Italian marque Gilera is poised to return as a joint-venture between the brand’s owner, Piaggio, and its long-standing Chinese partner, Zongshen. We’ve uncovered evidence of Gilera’s imminent return via design filings registered in China for a rebadged version of the Aprilia Shiver labeled with the name “GLR900”.
After riding 5,000 miles through the Western States on CSC’s RX3 mini ADV motorcycle I figured the gig was up for me: Motorcycle manufacturers are usually left unsatisfied and hollow feeling whenever I butcher a motorcycle review. On that ride the RX3s ran fine and had nothing else to prove. So who’d be crazy enough to foot the bill for another long distance 250cc ride?
We were pleasantly surprised with the CSC RX3, a 250cc adventure bike, when we tested one back in December of 2014. Considering its modest displacement – and the fact it’s made by Zongshen in China – we weren’t sure what to make of the bike initially, but it’s changing the way we think about Chinese motorcycles. Joe Berk, a consultant to CSC, the North American Zongshen/CSC importer, is a diehard believer in the RX3, touting his numerous trips across China as proof of the bike’s ruggedness.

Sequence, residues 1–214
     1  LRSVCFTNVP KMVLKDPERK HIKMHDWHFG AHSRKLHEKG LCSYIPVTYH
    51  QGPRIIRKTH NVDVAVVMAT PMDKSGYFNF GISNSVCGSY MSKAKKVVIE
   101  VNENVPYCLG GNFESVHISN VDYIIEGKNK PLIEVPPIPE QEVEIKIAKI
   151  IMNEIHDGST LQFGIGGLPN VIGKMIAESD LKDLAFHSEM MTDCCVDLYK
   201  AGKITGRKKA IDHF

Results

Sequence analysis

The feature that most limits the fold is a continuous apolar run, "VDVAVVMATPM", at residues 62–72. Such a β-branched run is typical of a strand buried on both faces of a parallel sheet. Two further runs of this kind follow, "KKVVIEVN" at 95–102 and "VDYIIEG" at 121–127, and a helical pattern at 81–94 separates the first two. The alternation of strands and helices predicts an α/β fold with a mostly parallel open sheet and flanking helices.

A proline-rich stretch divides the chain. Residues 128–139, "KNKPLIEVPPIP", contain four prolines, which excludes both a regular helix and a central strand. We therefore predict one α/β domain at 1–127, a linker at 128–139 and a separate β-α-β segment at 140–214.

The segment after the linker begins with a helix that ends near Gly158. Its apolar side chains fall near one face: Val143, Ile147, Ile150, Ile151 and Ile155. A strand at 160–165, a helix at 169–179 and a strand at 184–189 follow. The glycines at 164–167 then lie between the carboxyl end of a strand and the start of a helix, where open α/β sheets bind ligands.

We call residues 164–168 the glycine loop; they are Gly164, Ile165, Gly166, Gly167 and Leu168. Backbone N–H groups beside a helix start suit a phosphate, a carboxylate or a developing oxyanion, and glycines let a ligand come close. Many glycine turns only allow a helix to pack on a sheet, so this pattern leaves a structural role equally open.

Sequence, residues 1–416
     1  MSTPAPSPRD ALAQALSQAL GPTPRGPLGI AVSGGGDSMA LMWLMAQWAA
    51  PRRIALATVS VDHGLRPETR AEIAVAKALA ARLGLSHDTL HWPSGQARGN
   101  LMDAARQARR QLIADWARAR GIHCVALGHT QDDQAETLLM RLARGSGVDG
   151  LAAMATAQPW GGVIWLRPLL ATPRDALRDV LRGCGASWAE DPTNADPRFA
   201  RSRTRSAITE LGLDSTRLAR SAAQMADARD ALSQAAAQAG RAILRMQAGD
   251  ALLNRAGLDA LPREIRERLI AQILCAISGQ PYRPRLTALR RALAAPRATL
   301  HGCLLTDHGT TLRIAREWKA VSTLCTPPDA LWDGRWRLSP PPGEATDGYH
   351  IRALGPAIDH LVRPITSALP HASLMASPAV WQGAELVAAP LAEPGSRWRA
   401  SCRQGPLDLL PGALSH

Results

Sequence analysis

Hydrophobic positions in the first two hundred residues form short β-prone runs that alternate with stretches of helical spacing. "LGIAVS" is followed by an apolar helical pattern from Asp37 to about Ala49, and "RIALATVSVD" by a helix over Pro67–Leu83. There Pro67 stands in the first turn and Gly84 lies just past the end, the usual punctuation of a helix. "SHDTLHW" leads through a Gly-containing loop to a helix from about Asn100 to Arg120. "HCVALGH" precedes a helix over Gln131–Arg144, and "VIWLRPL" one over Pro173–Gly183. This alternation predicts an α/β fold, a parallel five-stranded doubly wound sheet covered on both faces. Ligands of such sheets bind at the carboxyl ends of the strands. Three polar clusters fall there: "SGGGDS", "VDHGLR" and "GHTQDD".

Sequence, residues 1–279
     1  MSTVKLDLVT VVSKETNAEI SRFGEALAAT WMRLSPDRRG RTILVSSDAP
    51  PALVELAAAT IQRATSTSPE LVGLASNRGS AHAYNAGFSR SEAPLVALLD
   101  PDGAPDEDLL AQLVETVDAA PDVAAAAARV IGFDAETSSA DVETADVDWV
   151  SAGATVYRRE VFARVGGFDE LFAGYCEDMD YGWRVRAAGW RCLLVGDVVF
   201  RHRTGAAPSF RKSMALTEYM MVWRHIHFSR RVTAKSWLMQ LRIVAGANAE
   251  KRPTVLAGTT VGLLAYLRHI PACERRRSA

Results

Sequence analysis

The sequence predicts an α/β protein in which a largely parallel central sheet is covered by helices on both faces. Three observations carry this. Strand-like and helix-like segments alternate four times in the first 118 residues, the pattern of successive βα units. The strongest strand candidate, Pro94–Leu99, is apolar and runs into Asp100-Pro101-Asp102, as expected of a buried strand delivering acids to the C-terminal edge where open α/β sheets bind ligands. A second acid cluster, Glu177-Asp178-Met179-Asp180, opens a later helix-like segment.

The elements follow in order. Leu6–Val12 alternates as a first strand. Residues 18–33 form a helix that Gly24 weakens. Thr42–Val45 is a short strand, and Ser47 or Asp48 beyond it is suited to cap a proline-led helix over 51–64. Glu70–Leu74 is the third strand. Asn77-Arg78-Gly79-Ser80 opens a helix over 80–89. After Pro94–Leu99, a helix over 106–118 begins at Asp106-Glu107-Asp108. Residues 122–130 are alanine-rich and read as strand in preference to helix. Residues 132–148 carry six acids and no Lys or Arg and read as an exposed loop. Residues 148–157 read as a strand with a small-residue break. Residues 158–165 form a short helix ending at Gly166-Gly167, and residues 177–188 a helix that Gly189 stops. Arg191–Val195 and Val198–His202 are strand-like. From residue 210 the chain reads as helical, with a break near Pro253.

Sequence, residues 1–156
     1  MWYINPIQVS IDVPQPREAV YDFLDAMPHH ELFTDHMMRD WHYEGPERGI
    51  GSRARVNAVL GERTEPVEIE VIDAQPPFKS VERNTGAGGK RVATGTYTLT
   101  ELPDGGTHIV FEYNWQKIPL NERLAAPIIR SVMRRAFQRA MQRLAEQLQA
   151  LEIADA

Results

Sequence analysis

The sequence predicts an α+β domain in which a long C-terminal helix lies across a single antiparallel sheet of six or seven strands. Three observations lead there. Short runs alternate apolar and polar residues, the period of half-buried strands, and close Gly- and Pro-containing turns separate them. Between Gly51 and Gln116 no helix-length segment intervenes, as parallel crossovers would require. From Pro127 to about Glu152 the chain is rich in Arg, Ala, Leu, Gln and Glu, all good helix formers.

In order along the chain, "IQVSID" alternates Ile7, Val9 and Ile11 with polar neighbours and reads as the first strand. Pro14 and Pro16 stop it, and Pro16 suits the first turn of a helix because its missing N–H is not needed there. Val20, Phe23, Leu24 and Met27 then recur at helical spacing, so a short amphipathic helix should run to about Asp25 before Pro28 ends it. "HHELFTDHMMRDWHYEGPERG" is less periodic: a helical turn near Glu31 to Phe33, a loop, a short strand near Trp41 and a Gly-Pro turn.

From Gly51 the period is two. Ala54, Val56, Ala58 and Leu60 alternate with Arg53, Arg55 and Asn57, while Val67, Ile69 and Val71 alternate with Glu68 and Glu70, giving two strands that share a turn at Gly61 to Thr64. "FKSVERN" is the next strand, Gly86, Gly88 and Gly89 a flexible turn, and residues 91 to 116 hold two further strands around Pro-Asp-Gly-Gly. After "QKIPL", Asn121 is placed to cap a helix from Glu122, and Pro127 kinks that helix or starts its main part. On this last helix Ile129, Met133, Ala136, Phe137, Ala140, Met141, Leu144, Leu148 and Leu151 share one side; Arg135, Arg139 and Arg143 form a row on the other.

CSC Motorcycles has been very busy introducing new models to its U.S. lineup. Last year it was the adventure-touring-styled Cyclone RX3 (which won an Honorable Mention award in 2015 for Best Value). In 2016 CSC has already introduced the RC3 and TT250, and now comes the RZ3, a naked bike version of the RC3, and upping CSC’s selection of model from 0 to four in just two years.
What do you think of when you hear “Chinese motorcycle?” Cheap, ugly, and under-performing? Those observations would be largely correct, as the majority of Chinese motorcycles to come to these shores (that’s the United States, for our international readers) were exactly that. Let’s face it: the words “Made In China” aren’t held in high regard.
In 1959 we laughed at the small-displacement step-throughs Honda brought to America. It didn’t take Soichiro long, though, to establish Honda as the world leader in motorcycle production. Again we laughed when, in 1992, the Korea-based Kia introduced the Sephia to U.S. consumers, then in 1998 merged with Hyundai. Last year the Hyundai Kia Automotive Group was the 5th-largest auto manufacturer in the world. The moto world has been scoffing at motorcycles from China, Taiwan and other Pacific Rim Asian countries for years now. Maybe it’s time we stopped.